At some point or some level, all athletes eventually fail. Great players, defined by their last moment heroics, have also succumbed to challenges they could not overcome, obstacles too big, and personal shortcomings of character or performance that resulted in failure. As eloquently expressed in the famous baseball poem, mighty Casey does not always bring joy to Mudville.
You should understand that the failure to convert the big shot, and other similar disappointing moments are a common bond among all competitive athletes. Every athlete has experienced the bitter moments of a personal failure or a devastating loss, sometimes forever altered by the event. When you try and fail in these key moments, you are experiencing the same set of emotions that all of your sports heroes have gone through.
Also understand that putting yourself in the position to take the big shot, and having the courage to do so, in itself is an admirable quality. Regardless of the outcome, these moments reveal a positive aspect of your character—reaching for the prize instead of giving in to a fear of failure. You will eventually learn that the disappointment of failure is usually preferable to a lifetime of regret for not facing a challenging moment.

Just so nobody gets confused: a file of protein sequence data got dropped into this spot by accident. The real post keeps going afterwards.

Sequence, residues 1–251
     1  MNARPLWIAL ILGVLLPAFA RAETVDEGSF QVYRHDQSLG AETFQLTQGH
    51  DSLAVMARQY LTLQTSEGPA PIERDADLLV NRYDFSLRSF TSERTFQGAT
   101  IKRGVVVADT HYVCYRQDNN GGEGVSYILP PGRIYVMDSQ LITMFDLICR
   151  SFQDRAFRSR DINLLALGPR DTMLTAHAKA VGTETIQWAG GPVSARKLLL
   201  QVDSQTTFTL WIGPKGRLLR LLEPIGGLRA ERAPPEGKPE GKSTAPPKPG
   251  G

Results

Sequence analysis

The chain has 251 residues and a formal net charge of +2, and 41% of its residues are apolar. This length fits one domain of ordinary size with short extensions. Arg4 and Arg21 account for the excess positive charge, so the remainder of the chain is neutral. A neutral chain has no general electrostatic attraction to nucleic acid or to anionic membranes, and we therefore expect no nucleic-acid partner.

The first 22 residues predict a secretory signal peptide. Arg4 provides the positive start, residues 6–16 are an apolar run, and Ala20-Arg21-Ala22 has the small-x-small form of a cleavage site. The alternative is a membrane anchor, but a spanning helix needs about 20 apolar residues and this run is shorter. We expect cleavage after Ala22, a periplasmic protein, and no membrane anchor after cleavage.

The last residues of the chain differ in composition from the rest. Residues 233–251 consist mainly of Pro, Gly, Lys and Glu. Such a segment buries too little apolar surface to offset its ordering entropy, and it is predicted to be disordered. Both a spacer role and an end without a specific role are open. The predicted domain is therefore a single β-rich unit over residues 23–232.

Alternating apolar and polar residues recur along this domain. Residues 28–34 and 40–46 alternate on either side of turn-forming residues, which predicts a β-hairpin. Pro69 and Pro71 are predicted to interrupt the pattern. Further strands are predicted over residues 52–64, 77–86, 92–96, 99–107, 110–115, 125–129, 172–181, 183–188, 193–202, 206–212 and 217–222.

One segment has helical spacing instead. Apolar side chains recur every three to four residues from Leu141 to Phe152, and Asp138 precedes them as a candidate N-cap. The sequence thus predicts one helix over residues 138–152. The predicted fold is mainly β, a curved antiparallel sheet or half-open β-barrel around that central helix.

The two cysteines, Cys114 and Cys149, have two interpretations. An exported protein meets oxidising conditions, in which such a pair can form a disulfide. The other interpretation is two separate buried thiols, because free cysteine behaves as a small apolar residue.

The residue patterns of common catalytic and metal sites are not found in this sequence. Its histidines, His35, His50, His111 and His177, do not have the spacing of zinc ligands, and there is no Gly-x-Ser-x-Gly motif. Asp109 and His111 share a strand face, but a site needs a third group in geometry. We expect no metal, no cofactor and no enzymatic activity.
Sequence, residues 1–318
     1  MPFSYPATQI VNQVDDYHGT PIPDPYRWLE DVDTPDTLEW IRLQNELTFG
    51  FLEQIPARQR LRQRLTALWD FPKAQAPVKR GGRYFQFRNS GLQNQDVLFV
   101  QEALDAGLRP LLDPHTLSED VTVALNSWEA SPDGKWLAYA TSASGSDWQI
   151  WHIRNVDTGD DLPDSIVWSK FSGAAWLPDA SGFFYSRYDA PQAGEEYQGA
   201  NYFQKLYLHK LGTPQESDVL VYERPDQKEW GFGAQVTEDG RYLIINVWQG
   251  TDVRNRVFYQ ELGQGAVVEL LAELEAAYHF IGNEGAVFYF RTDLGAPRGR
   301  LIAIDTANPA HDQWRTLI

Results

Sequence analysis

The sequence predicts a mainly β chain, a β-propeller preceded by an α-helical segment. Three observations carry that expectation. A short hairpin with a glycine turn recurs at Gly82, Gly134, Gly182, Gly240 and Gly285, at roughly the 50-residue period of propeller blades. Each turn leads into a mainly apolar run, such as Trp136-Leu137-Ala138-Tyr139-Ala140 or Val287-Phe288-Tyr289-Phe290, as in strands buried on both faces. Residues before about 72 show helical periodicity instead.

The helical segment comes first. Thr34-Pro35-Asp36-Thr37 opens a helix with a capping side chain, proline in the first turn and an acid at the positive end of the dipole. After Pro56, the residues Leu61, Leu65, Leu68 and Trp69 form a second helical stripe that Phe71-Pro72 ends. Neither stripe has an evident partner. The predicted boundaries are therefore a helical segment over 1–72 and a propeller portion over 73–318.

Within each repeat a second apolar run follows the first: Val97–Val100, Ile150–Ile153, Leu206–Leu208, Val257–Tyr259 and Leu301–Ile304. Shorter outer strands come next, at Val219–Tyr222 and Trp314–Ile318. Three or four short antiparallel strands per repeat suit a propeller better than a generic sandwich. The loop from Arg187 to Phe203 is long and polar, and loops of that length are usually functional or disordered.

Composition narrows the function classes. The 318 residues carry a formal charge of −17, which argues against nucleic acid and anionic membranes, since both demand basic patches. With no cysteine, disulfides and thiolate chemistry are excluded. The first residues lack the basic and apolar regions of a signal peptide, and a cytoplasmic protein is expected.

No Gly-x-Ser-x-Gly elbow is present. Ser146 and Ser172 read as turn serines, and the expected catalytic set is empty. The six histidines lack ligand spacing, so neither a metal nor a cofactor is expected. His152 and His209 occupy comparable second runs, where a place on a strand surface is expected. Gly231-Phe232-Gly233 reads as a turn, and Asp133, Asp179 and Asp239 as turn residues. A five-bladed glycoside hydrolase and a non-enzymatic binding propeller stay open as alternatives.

These failures, both real and anticipated, can also have a positive effect. They provide you with the motivation to prepare, giving yourself the best chance to succeed when you face these special moments. Always attempt to translate any fear of failure that you may have into constructive actions.
Finally, recognize that these types of failure are the necessary flip side of your greatest successes. If you don’t try, you’ll never enjoy the incredibly satisfying and fulfilling emotion associated with winning your heroic moment.
Embrace your athletic failures as an educational and necessary part of the journey. As LeBron says, "Don't be afraid of failure. This is the way to succeed."
Copyright 2009-2012 Jeffrey S. Rhoads; All Rights Reserved